Tooth and Nail: This is the third in Ian Rankin's 'Rebus' detective series. The dour Scot is seconded to London to help solve a series of gruesome serial killings, based on his experience in solving the case we read about in book one. I gave Rankin's first book a cautious five stars as it was a good read with an interesting and very 'human' hero. The second Rebus book was also very good, but for me, just a tad less gripping in places, so I gave that four stars. In this, Rankin's third attempt, I was enthralled from start to end. The twists and turns were constant, Rebus was ever human and his own family and personal life are intertwined very cleverly into the story line. The final sequences were exciting and 'edge of seat' stuff. Other reviewers provide more story line detail, so I will just say this was a great read and earns a resounding five stars from me.

There are now roughly sixteen or seventeen or so `Rebus' books and another (Goodreads) reviewer of this trilogy wrote "In truth these are maybe the worst Rebus novels but they serve as a useful introduction to John Rebus. They also go to show how a writer gets better over time." If that is the case - and judging by the improvement in book three, I suspect it is, I will thoroughly enjoy the rest in the Rebus series. The latest book was released this month, so Ian Rankin is clearly not done with Rebus yet.


Tooth And Nail
Tooth And Nail
by Ian Rankin
Edition: Paperback
Price: 7.11

1 of 1 people found the following review helpful
5.0 out of 5 stars Rebus gets better and better., 5 Jun 2013
This review is from: Tooth And Nail (Paperback)
This is the third in Ian Rankin's 'Rebus' detective series. The dour Scot is seconded to London to help solve a series of gruesome serial killings, based on his experience in solving the case we read about in book one. I gave Rankin's first book a cautious five stars as it was a good read with an interesting and very 'human' hero. The second Rebus book was also very good, but for me, just a tad less gripping in places, so I gave that four stars. In this, Rankin's third attempt, I was enthralled from start to end. The twists and turns were constant, Rebus was ever human and his own family and personal life are intertwined very cleverly into the story line. The final sequences were exciting and 'edge of seat' stuff. Other reviewers provide more story line detail, so I will just say this was a great read and earns a resounding five stars from me.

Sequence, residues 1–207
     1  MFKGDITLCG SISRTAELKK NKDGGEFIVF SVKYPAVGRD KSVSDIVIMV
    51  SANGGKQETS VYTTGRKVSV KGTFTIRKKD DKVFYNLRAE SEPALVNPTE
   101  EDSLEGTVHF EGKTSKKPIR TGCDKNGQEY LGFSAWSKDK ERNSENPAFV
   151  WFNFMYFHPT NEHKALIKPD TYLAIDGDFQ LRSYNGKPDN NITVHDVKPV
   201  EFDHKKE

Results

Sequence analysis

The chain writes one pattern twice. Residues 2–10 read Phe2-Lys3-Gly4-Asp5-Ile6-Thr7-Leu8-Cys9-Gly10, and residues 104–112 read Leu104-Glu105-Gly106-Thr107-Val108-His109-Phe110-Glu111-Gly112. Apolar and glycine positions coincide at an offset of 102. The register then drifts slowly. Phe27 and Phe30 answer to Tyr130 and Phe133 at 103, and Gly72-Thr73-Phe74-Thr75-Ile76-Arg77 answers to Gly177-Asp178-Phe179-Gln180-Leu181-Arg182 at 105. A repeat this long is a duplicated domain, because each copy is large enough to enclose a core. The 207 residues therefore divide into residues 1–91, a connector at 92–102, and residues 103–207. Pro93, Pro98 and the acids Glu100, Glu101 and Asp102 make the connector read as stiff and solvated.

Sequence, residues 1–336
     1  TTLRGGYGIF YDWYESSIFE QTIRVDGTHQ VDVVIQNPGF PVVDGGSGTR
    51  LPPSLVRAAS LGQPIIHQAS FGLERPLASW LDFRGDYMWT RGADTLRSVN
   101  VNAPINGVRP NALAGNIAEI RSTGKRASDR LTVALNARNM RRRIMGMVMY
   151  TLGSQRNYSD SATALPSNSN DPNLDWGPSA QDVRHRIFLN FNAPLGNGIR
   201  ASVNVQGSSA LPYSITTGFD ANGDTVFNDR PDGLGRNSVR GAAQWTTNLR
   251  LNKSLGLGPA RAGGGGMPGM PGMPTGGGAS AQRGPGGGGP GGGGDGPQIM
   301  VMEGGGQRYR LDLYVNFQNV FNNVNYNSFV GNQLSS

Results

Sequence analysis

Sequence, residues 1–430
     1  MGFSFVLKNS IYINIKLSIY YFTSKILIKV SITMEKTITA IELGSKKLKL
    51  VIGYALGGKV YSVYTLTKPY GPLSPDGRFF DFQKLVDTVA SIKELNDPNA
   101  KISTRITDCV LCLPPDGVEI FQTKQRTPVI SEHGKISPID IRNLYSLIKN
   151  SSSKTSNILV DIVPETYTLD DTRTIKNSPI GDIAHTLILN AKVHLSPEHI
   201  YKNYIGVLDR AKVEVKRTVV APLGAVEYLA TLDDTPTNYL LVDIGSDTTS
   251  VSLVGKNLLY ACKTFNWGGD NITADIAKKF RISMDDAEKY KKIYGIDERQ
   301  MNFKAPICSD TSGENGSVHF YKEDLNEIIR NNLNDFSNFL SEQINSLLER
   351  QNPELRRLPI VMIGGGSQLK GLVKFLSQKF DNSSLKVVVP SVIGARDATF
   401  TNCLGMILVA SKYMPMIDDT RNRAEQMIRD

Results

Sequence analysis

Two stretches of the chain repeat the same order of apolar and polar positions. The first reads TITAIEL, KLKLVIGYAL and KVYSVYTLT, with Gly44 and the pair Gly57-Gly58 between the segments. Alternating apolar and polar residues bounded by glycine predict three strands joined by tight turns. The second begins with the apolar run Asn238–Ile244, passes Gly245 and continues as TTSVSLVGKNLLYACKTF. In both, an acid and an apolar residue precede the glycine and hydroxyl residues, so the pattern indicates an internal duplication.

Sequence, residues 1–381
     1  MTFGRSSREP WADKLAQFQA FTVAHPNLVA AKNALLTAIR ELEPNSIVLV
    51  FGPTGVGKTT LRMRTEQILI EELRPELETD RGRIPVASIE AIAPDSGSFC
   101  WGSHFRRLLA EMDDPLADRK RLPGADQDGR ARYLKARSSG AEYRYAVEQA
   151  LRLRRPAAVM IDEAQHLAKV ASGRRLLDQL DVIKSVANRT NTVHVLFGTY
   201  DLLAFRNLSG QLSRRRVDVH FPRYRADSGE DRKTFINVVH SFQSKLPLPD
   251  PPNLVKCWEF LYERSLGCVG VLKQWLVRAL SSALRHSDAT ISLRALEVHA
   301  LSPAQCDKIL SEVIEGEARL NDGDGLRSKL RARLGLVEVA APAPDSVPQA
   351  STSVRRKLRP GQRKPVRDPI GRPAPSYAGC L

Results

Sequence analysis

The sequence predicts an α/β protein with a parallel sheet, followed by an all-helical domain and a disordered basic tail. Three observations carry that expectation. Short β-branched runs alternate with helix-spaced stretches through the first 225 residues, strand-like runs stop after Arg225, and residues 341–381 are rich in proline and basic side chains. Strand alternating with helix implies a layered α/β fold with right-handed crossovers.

There are now roughly sixteen or seventeen or so `Rebus' books, and another (Goodreads) reviewer of the first three books (available as a trilogy - Rebus: The Early Years) wrote "In truth these are maybe the worst Rebus novels but they serve as a useful introduction to John Rebus. They also go to show how a writer gets better over time." If that is the case - and judging by the improvement in book three, I suspect it is, I will thoroughly enjoy the rest in the Rebus series. The latest book was released this month, so Ian Rankin is clearly not done with Rebus yet.


Hide And Seek
Hide And Seek
by Ian Rankin
Edition: Paperback
Price: 5.59

4.0 out of 5 stars Another good Rebus story., 5 Jun 2013
This review is from: Hide And Seek (Paperback)
The second in the Rebus series, where we get to know the character even better. Another good story with our hero being ever human. Rebus is convinced that what looks like a suicide is really a murder. There appears no direct link to some other dark deeds going on but Rebus digs and probes until he realises everything is connected. But how to prove it? Unorthodox methods are ultimately employed and he gets his man, but will it end well or will there be an almighty cover up? Well written and always entertaining - right to the end.


Knots And Crosses
Knots And Crosses
by Ian Rankin
Edition: Paperback
Price: 7.11

5.0 out of 5 stars Hooked on Rebus, 5 Jun 2013
This review is from: Knots And Crosses (Paperback)
I thoroughly enjoyed my introduction to Ian Rankin's 'Rebus' books with this, his first such story. It includes a gradual and very personal introduction to Rebus's character, who is completely human rather than hero. I am glad I started at the beginning of the series because Rebus's back story is revealed as the plot develops, becoming a powerful integral reason behind the crimes he is trying to solve. The story is gripping and the author's use (and variety) of words is refreshing. Having not only enjoyed a good read, I got to 'know' the character of John Rebus. On to the next (hide and Seek) with great enthusiasm.